R. TAIT MCKENZIE. doing them to become normal in our the children described in the above let.
University of Pennsylvania, weight. So long as we were just doing ter and just as quick to criticise the health chores to get credit and wear drooping shoulders, hollow chests, and Your articles voice my own thoughts badges, we didn't see that it was worth tired eyes as the visiting nurse who exactly, only in a much more able way while. But if they helped us keep away effected the revolution of the health of than I could do. Your idea of offering from “under-weight" then we were these country school-children.
prizes for the all-around development of ready to listen.
Miss Wilson asks if Mr. Taylor can the body, to conform to symmetrical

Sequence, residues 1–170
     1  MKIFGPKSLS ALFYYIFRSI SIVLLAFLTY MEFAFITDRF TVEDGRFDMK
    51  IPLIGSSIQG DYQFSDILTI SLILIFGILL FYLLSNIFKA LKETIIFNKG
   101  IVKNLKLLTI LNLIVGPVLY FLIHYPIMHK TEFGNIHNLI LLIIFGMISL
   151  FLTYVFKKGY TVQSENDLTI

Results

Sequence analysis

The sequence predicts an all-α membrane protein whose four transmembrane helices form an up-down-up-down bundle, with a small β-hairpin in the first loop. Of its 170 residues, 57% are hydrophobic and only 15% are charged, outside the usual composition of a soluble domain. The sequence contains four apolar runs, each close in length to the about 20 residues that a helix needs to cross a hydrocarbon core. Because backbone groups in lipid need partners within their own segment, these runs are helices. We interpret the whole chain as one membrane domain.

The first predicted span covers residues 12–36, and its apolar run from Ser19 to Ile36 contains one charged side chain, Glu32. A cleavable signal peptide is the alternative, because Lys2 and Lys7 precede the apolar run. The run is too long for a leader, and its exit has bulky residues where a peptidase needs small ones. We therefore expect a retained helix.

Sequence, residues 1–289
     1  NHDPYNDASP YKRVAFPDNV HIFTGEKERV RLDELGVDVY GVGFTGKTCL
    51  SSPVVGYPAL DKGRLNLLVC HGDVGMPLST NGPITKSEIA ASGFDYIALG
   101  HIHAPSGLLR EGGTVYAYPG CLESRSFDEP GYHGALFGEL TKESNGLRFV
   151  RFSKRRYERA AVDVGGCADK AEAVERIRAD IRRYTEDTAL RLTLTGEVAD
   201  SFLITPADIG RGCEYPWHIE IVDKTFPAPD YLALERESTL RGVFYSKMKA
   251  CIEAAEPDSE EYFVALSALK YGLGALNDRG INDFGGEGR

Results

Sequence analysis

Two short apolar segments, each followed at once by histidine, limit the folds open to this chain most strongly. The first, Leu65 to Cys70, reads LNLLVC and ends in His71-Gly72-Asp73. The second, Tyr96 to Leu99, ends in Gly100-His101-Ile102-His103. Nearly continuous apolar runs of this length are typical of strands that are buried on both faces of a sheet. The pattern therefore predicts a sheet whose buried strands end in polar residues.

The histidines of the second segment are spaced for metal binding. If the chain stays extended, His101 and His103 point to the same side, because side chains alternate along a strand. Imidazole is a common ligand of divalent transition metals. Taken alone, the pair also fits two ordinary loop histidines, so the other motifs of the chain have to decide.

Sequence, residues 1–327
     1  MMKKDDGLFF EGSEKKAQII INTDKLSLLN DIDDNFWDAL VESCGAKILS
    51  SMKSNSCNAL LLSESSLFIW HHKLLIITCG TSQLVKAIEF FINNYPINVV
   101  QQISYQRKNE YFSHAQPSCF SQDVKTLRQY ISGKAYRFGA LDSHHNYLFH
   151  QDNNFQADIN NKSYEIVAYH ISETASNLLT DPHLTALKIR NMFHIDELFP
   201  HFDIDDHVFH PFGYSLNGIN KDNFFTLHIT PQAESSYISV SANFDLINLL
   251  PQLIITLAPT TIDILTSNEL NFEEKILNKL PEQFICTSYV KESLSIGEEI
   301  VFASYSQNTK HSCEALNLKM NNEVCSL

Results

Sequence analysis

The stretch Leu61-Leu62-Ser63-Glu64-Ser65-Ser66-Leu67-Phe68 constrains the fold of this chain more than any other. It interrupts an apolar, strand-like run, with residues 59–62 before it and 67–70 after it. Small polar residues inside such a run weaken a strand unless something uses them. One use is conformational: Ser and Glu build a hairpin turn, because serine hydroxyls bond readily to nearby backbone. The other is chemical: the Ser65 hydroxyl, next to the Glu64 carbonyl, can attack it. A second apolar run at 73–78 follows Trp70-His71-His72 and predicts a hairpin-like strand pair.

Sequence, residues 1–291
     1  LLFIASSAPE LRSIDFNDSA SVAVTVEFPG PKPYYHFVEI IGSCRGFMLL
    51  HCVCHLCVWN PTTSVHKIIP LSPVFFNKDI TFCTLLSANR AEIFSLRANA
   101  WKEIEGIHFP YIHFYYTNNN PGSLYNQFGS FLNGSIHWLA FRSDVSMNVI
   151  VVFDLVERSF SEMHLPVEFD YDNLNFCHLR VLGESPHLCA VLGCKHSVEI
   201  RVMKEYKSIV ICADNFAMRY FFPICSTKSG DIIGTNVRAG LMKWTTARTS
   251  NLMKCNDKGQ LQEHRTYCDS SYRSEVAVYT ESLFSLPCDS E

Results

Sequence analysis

standards, is one I have long held, and mirable measure. We have also been He only sez, “Ye've put it strong. last year, and again this year, with the informed that a similar statute is now Ye mout be right an' ye mout be wrong," co-operation of the physical director of in effect in Ohio. We hope other States An' he stroked his long goatee. my home-town Y, I offered prizes to that will follow suit.—THE EDITORS.] same end. It is a field that has long
IX been neglected, and I hope that the seed
But he wrinkled his brow like his sperit you are sowing will not fall on stony
was vexed ground.
A. W. CARTER.
'Bout what he ought ter be doin' next Grand Mere. Quebec.
An' what he oughter say.
With the hul world a-knockin' at his Do you have any reprints of "The
BY CHARLES A. RICHMOND
door Under-Weight Delusion"? For some
President of Union College